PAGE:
After we upgraded the doorbell's circuit to a 20-volt transformer, everything worked as advertised. Most people shouldn't have to upgrade their transformers, especially with newer houses, and the two doorbells that have built-in batteries don't require power from the doorbell at all.
The doorbells were self-installed and tested in real-world conditions, with friends and family ringing the bells day and night. We evaluated ease of setup, the design and features of the app, how well the app and doorbell kept us notified, and video and audio quality. We also factored in how much you'll pay for cloud storage to save the video.
What to Look for When Buying a Video Doorbell
Power Requirements: Doorbells typically require 16 volts or more to work. If you have a newer house, this may not be an issue. But as we found out, older homes with more-antiquated systems may not deliver enough juice. Some doorbells, like the Ring Video Doorbell 2 and the RemoBell, can run on battery power. This is incredibly helpful if your existing wiring isn't getting the job done and you don't want to upgrade the transformer. Just remember that you'll have to recharge these units regularly.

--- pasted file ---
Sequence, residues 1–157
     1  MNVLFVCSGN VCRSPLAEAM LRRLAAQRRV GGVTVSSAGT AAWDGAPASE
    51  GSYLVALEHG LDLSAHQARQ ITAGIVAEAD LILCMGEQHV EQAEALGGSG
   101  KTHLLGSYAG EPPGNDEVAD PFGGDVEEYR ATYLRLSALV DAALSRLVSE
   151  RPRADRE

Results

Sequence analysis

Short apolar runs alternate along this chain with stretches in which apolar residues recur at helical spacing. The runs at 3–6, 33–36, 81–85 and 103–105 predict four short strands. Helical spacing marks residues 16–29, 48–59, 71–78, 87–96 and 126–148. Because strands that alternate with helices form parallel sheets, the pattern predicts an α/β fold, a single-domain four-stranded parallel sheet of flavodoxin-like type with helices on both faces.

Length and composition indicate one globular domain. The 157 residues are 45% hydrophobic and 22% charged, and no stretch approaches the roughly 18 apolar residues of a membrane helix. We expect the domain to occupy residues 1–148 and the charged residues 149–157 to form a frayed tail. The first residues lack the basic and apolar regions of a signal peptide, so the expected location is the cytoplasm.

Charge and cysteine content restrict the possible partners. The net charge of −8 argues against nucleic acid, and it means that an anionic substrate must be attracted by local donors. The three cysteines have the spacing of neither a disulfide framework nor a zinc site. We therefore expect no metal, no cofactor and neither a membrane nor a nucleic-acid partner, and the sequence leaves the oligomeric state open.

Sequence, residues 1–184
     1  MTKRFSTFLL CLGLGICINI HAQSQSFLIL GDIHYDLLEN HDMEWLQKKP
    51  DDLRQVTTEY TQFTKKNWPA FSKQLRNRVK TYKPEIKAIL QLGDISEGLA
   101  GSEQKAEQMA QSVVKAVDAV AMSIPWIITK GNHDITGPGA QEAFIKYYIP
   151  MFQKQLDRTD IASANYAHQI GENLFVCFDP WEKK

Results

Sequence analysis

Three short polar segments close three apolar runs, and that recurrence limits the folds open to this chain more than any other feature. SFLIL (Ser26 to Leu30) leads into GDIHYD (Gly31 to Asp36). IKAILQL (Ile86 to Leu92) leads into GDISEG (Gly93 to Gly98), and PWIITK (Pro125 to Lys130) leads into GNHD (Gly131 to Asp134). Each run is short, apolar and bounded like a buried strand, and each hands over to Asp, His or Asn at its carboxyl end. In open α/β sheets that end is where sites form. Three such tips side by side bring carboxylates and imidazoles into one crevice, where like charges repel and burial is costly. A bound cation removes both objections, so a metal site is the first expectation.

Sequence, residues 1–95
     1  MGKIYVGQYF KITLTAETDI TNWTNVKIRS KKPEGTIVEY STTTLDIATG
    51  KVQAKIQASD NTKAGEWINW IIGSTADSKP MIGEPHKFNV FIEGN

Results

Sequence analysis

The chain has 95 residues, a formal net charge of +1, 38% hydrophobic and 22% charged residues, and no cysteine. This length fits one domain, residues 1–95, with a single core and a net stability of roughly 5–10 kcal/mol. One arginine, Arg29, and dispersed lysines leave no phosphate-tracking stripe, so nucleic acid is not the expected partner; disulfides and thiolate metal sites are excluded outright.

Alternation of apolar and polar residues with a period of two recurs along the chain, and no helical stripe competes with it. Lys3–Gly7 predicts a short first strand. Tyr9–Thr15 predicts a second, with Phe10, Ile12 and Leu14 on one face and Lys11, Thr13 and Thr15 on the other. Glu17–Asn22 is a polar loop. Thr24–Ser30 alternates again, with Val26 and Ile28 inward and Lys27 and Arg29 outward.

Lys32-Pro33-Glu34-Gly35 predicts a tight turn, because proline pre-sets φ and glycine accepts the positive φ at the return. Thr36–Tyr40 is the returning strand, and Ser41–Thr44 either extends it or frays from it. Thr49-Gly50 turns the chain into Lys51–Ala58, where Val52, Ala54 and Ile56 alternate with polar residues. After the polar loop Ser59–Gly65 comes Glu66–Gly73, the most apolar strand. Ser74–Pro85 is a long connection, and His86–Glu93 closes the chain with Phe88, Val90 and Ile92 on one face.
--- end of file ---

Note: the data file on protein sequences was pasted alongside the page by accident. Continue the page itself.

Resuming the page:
Doorbell Placement: Your choice of doorbells will also depend on whether you're replacing an existing doorbell or installing a doorbell where there isn't one already. The Ring Video Doorbell 2 is the most flexible. While it can replace a hardwired doorbell supplying 8-24 volts of electricity, its rechargeable battery means you could put this doorbell anywhere. And the optional Ring Chime add-on can even sound an audible chime inside the house, just like a traditional doorbell would.
RemoBell also runs on batteries and can be installed anywhere. But it doesn't connect to existing doorbell wiring, which means the doorbell won't chime inside the house, only on your smartphone. The August Doorbell Cam requires 16-24 volts of electricity and can replace only a wired mechanical doorbell.